A quick check through David Cavanagh’s splendid history of John Peel’s radio shows Goodnight And Good Riddance reveals that I first heard the music of Johnny Marr on June 1, 1983. This was The Smiths’ first session for Peel and in particular, I clearly remember being blown away by the guitar intro to “What Difference Does It Make?” To this day, that dashing, driving riff still raises the hairs on the back of my arm when I hear it. Marr, both in The Smiths and in countless other projects since, has remained a constant and consistent presence – as guitarist-for-hire, collaborator, wingman and, increasingly, as a formidable solo artist in his own right.
This month’s exclusive cover story finds Marr at a critical point in his career. On the verge of releasing a brilliant new solo album, he is also coming to terms with the social and political upheavals of the last few years. As David Cavanagh finds out when he visits him in his native Manchester, Marr is a naturally positive thinker, who feels that music in the next decade can send powerful messages of hope and togetherness. Having read David’s typically brilliant piece several times now, I’m struck by Marr’s enthusiasm and open-heartedness; his unshakeable belief in the importance on music. He has also, resolutely, remained one of us, when certain parties – former band mates, maybe – are clearly opting to pursue a more divisive and reactionary path. Johnny has some views on that, for sure.
There’s plenty besides Johnny in this issue, too. As you’ll discover when the issue goes on sale this Thursday (March 15), we have an embarrassment of exclusive interviews to share with you. There’s in-depth chats with John Fogerty, John Prine (a lot of Johns, granted), Dan Auerbach and Unknown Mortal Orchestra as well as Shirley Collins, Martha Reeves, Laura Veirs and Viv Albertine. We bring you new jams from Khruangbin, tall tales from Derek Smalls, brace ourselves as Led Zeppelin’s 50th anniversary onslaught begins and champion great new music from Kacy & Clayton, Trembling Bells and Mouse On Mars.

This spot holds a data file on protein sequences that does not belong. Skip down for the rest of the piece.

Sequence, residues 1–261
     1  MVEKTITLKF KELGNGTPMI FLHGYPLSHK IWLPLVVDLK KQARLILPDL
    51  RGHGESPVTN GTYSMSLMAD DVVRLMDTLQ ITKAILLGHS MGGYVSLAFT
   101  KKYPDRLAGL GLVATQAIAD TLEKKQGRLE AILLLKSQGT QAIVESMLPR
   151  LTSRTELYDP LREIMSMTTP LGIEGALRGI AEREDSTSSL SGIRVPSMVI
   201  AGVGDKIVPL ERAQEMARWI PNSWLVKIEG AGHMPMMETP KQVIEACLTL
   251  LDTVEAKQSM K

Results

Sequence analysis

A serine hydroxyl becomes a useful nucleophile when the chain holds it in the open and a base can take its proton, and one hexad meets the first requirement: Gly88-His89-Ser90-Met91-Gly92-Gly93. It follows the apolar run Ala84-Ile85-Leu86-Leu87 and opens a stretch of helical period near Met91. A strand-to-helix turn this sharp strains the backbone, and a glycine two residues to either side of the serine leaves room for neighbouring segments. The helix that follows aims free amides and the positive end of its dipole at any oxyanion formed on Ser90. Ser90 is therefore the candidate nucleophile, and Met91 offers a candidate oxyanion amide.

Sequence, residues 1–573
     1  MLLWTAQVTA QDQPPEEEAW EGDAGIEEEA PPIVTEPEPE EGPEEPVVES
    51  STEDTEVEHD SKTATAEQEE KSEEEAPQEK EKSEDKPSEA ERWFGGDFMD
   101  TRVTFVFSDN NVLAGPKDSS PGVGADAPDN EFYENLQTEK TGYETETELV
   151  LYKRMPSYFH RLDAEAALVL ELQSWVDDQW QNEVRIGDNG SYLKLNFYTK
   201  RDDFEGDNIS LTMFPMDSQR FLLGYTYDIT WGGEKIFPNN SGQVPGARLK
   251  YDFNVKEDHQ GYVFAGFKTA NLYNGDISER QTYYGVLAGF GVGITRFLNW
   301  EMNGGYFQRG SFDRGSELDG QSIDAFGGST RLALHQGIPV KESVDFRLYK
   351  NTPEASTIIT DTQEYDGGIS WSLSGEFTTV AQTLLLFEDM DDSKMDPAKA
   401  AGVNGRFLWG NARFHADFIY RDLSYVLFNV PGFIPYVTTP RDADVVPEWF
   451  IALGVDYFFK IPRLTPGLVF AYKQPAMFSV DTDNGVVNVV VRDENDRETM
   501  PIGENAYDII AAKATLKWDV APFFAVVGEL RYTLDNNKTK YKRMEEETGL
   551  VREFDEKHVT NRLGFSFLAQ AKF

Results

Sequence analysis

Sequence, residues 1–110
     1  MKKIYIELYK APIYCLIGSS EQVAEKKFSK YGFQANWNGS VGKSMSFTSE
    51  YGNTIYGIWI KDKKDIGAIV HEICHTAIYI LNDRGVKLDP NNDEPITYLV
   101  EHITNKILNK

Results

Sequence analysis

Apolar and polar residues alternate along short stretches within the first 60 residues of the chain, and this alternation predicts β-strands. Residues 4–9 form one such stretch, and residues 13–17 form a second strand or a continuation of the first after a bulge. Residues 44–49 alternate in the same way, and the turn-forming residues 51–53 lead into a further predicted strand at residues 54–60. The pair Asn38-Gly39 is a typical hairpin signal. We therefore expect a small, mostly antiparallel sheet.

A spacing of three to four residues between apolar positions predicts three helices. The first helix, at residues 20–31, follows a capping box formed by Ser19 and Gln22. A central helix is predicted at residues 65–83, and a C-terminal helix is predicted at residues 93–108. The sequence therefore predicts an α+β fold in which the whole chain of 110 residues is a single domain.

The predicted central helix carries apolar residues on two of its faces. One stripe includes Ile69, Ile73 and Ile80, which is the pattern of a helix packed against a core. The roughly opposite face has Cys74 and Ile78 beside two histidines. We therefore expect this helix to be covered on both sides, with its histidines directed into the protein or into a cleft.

Elsewhere, in the issue, you’ll find a lovely piece about a new book, Going For A Song: A Chronicle of the UK Record Shop. It ends on a lovely, warm note from the author, Garth Cartwright. “The days of the megastore are gone,” he tells Peter Watts. “But there’s still a place for specialists, where you can find records nobody else has, where people have enthusiasm and knowledge and want to share it. They are still vital.” Cartwright’s positivity chimes with Johnny Marr’s – there are good people who believe passionately in the power of music.
Welcome, then, to the new Uncut.
Follow me on Twitter @MichaelBonner
The May 2018 issue of Uncut is now on sale in the UK – with Johnny Marr on the cover. Elsewhere in the issue, you’ll find exclusive new interviews with John Fogerty, Dan Auerbach, Shirley Collins, Unknown Mortal Orchestra, John Prine and many more. Our free 15-track CD features 15 tracks of this month’s best new music, featuring Kacy & Clayton, Laura Veirs, Wye Oak, Cath & Phil Taylor, Mouse On Mars, Josh T. Pearson, A Place To Bury Strangers and Drinks